Fed cattle prices continued to rally through April and surpassed seasonal peaks in March, according to Derrell Peel, agriculture extension specialist with Oklahoma State University. He said April looks to have been the peak for fed cattle prices at $128 per hundredweight. In the past week, prices have dropped to the $120 range, which are the lowest fed cattle prices since December.
He said the early round of summer grilling wholesale purchases for Memorial Day are over and the middle meat prices are steady-to-weak with cuts like ribeyes trading lower.
“This may reflect widespread wet, cold weather across much of the country that is delaying summer beef demand. Boxed beef cutout values will likely strengthen again with July 4 buying commencing in middle to late May. Warmer summer weather should also boost beef demand seasonally in the coming weeks,” Peel noted.
He explained prices of chuck and round cuts were also down, which is typical of the pre-summer months.
Beef exports were down 5.7% year-over-year through March with reduced exports to Japan, Canada and Hong Kong, while South Korea and Mexico continue to be growing markets for U.S. beef.
“For the first quarter, total beef exports were down 4.7% from a year ago. Growth in beef exports the past three years has been especially strong for products from the chuck. Current forecasts are for total beef exports in 2019 to be quite close to 2018 levels, barring any major changes in global trade policies,” Peel noted.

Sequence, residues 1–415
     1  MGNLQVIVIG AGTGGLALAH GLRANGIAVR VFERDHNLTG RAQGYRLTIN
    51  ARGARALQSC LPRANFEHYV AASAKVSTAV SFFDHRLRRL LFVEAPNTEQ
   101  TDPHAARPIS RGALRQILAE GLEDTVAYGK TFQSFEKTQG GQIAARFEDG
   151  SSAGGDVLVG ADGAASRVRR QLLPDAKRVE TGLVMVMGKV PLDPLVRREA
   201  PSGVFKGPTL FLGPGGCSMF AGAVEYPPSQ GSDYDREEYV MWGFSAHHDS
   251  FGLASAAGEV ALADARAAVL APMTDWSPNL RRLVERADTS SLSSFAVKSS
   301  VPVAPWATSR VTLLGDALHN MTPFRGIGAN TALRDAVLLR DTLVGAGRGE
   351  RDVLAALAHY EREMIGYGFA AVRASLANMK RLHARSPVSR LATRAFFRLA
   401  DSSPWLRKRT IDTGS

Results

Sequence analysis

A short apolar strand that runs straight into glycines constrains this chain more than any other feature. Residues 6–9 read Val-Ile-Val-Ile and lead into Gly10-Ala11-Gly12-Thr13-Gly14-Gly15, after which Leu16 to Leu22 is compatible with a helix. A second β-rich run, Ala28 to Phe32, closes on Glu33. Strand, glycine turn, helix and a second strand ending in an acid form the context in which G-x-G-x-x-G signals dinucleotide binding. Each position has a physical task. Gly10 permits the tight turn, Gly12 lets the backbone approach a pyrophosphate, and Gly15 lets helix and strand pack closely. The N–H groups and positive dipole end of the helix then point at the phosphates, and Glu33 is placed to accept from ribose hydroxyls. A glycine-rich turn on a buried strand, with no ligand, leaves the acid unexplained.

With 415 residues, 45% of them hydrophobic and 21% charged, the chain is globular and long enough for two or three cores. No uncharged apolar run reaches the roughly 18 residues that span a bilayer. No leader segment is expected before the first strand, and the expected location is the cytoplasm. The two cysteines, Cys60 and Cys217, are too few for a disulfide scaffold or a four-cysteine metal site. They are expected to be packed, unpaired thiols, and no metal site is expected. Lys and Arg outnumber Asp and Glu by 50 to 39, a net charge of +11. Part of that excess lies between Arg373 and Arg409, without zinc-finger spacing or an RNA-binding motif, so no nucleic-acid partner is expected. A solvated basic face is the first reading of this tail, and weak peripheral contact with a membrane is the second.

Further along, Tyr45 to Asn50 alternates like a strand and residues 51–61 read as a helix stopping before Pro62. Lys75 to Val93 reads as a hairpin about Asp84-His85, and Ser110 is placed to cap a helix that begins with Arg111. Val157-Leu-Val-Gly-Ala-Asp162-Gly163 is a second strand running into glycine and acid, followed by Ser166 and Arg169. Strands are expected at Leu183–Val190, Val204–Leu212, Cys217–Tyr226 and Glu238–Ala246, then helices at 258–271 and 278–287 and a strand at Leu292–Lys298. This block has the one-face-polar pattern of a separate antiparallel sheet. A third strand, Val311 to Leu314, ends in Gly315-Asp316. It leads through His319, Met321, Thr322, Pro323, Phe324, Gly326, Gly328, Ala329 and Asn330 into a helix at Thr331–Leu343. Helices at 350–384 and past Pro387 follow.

The U.S also imported 6.3% more beef in March and 6.3% more through the first quarter compared to the year-ago period. He said beef imports are up for major import sources including Canada, Australia and Mexico but are down sharply from New Zealand. Total beef imports in 2019 are projected to hold close to year-ago levels.
USDA reports beef production is up less than 1% this year with cattle slaughter up 1.3% year-to-date. Peel said the higher slaughter number is off-set by lower carcass weights for steers and heifers.
For producers wanting to grow their herds, calf and stocker prices have dropped significantly in May after peaking last month, Peel said.
“Calf prices generally decline from first quarter peaks to seasonal lows in the fall. Heavy feeder cattle prices, which seasonally grind higher from now until late summer, have also dropped recently. I suspect this is largely due to delayed feedlot marketings resulting from earlier winter weather combined with continuing wet, sloppy feedlot conditions,” he said.
“Heavy feeder prices will likely get back on seasonal track as feedlots catch up from earlier delays and feedlot pen conditions improve in the next few weeks,” Peel added.